Rural mail delivery: full of challenges (and a few aches and pains)

OLYMPUS DIGITAL CAMERAPeg Fields had heard there was an opening for an associate rural mail carrier for St. George’s southern route—basically a position that provides back-up for the full-time carrier, Rebecca Barrows—so she applied. “I decided to do it on a lark,” she admits.

The basic qualifications for the job had been easy to meet: She had to be a U.S. citizen, provide her own vehicle (Fields’ is a Honda Element), possess a clean driving record and have no criminal history.

But mastering the procedures and logistics of her new role, Fields soon found out, proved to be more challenging than she had expected. “There were several levels of difficulty to overcome,” she acknowledges with a wry laugh.

Her training began in late August, when she spent six days learning the ropes from veteran carrier George Nye, who had ended his full-time contract with R.L. Trucking (a firm based in Medina, Ohio that provides rural mail delivery services to the USPS), but had stayed on as a back-up carrier.

The first challenge involved learning how to sort and arrange the mail for delivery. In full season, Fields’ route contains 290 active mailboxes, involving first-class mail, magazines and flyers. She was amazed, she says, when she found that “there can be a stack of magazines five feet high to sort!”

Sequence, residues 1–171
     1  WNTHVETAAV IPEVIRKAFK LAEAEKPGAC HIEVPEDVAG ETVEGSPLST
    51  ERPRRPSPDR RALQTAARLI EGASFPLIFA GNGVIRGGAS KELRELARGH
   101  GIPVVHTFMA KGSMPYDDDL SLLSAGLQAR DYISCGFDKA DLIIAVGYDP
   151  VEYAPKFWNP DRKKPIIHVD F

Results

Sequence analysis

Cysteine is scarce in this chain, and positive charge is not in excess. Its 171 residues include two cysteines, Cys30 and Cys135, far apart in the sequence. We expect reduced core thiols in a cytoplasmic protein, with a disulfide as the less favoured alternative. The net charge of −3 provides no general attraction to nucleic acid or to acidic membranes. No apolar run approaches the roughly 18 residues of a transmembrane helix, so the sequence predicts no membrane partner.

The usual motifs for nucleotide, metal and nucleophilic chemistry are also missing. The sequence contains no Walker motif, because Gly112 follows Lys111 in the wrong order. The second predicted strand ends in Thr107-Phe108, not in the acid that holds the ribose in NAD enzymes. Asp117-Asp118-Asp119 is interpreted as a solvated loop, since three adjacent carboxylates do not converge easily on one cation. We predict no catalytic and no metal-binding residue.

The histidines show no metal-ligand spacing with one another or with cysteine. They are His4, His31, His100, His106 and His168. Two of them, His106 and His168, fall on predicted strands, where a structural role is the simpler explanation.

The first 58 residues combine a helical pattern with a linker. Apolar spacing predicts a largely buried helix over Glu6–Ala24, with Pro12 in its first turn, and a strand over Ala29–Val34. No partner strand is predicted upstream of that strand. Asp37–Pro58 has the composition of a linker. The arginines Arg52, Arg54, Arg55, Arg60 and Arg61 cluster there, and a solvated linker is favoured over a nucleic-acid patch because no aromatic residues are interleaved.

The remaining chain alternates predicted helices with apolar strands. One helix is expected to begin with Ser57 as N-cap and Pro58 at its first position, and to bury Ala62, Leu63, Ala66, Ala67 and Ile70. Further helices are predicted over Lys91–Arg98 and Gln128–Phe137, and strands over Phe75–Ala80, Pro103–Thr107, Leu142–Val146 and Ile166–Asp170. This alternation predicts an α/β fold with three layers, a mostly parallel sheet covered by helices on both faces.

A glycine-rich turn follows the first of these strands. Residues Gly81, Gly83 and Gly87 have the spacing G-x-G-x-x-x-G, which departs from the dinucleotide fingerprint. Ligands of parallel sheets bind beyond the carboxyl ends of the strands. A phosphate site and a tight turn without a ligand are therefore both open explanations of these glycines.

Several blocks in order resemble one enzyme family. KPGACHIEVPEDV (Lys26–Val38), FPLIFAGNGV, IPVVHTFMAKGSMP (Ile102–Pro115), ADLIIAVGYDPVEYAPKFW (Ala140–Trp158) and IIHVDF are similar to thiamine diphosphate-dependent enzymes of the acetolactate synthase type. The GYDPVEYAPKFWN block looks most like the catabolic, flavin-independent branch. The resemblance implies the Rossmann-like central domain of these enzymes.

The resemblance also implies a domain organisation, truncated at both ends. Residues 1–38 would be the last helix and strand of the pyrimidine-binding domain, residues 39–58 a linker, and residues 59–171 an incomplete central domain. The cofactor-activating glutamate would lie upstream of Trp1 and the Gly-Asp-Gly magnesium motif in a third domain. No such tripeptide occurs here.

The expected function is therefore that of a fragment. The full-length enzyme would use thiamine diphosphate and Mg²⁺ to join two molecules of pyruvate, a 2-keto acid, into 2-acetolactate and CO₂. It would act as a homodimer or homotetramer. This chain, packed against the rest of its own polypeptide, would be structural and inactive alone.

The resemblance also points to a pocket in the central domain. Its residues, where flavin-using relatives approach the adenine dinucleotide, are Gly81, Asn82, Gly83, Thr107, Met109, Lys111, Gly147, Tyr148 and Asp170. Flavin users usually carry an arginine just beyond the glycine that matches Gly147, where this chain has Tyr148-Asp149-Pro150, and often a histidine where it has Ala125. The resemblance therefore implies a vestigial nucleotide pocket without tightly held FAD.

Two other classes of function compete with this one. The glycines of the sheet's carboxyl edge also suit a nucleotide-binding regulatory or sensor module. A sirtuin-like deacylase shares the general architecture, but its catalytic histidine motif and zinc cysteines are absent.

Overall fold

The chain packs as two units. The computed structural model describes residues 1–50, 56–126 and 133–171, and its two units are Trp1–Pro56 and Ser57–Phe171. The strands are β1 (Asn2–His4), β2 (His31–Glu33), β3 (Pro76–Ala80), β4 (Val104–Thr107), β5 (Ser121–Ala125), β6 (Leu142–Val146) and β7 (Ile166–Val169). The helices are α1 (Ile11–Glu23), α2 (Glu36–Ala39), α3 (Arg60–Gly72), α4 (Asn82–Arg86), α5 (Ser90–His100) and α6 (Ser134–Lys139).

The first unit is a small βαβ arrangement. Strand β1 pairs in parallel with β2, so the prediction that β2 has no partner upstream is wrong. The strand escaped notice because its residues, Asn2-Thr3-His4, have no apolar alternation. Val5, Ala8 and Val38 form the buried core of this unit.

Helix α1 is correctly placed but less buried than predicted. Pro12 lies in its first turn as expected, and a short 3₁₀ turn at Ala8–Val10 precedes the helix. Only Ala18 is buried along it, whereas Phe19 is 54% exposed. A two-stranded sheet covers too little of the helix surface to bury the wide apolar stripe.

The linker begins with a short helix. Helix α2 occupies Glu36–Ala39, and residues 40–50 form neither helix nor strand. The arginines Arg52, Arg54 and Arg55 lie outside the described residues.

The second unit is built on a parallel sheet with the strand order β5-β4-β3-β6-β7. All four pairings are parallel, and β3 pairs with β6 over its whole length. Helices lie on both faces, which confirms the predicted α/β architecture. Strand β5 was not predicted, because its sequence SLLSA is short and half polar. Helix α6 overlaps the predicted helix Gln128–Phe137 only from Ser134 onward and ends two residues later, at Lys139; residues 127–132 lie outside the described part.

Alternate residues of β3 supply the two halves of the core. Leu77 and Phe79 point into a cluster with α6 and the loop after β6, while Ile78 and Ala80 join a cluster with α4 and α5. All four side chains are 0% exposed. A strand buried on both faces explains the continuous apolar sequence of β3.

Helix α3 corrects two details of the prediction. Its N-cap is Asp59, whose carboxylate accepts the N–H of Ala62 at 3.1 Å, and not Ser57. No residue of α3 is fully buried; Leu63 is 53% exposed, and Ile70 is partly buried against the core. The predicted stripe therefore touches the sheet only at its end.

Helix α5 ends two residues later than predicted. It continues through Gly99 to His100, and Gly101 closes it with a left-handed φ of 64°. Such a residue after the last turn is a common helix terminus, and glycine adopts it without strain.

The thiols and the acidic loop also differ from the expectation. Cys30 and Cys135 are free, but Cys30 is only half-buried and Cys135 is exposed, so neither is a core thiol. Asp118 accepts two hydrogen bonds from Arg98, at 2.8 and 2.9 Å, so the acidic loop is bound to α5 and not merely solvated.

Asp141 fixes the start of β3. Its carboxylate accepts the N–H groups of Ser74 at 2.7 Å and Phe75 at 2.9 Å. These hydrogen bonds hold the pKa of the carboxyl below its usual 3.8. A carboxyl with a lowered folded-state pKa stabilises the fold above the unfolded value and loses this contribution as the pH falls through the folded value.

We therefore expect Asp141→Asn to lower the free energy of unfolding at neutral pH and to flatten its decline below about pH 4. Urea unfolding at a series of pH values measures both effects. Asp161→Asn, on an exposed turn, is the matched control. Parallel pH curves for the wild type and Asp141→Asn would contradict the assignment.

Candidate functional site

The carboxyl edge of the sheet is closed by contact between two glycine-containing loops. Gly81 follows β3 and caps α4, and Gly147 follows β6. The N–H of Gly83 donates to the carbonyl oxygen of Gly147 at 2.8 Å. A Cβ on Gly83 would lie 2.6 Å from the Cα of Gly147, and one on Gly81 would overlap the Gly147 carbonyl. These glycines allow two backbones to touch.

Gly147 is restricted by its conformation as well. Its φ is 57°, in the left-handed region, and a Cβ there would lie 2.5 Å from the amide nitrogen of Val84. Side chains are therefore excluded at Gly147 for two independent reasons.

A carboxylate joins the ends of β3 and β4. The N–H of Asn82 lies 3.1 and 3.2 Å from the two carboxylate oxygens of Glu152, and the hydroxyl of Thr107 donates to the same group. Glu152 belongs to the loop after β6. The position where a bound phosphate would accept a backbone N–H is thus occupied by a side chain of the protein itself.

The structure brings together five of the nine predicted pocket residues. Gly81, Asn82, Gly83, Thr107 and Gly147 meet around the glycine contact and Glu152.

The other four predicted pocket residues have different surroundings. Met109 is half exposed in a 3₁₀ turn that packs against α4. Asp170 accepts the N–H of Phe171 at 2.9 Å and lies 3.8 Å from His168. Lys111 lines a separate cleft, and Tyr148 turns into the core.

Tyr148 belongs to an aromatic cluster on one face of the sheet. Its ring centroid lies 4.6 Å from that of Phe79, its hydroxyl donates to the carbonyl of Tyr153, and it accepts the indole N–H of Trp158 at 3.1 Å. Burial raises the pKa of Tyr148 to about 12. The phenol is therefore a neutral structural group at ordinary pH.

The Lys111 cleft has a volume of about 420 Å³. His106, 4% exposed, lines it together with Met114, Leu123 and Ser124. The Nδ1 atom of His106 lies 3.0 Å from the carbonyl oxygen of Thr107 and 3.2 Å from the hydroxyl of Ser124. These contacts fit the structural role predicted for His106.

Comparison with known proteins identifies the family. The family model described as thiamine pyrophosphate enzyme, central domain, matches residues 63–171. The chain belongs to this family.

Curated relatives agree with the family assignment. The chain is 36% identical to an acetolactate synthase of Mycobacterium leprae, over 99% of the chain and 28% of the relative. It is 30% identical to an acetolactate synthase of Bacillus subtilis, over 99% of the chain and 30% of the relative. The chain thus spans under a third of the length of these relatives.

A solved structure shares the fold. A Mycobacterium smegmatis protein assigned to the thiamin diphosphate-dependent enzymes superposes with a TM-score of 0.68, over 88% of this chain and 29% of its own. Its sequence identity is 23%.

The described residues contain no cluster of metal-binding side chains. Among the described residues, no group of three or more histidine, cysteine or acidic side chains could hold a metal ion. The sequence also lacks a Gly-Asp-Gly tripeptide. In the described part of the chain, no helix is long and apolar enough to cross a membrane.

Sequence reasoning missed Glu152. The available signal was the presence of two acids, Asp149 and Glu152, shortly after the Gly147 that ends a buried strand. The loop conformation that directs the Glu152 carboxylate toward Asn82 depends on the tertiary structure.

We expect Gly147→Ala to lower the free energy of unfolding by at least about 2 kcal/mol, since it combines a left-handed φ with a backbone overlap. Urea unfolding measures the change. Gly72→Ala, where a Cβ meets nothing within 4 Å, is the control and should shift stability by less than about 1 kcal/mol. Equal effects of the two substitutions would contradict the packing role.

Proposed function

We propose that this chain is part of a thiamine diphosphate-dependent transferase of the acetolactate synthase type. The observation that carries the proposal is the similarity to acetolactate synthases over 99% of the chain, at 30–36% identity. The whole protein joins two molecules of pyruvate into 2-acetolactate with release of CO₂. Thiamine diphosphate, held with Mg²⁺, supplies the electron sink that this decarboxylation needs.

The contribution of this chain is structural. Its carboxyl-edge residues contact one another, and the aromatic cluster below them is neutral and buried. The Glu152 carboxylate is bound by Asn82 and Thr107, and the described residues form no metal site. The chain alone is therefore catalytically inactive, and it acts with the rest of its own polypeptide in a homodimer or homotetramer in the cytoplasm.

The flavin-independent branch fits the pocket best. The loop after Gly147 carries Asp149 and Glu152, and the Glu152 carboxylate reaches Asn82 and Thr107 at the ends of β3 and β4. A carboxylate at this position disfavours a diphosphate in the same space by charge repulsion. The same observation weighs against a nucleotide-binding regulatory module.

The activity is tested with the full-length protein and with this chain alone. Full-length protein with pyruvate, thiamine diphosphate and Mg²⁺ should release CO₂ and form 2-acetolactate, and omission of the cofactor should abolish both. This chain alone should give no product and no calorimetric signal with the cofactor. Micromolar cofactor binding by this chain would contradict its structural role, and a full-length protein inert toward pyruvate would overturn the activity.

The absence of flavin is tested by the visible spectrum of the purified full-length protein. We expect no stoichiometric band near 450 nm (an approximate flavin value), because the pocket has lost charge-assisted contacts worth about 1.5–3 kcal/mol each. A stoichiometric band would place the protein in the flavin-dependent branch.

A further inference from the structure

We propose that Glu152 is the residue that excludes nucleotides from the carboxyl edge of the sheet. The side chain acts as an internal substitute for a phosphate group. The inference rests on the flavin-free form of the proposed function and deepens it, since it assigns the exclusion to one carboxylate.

Each carrier’s method of sorting and arranging things, Fields quickly realized, was different, so she had to figure out what would work best for her. “Some people focus on road numbers and some focus on names as they sort. It can be tricky keeping things straight—for example, there are four to six 15-somethings on my route and several 8-somethings.” The carrier also needs to keep in mind the ever-changing list of whose mail is on hold each day.

The next degree of difficulty, Field says, was learning how to load her vehicle most efficiently, given that she would be distributing the mail out of her passenger-side window while driving with her left hand and left foot. “There’s a lot of bending and twisting, because there are also packages and flyers to contend with,” she points out. Some carriers put the mail trays under the driver’s wheel, but Fields says she found it easier to put them by the window. Forms that might need to be filled out, along with a scanner, also needed to be handy. “All packages have to be scanned to show they were delivered,” Fields explains.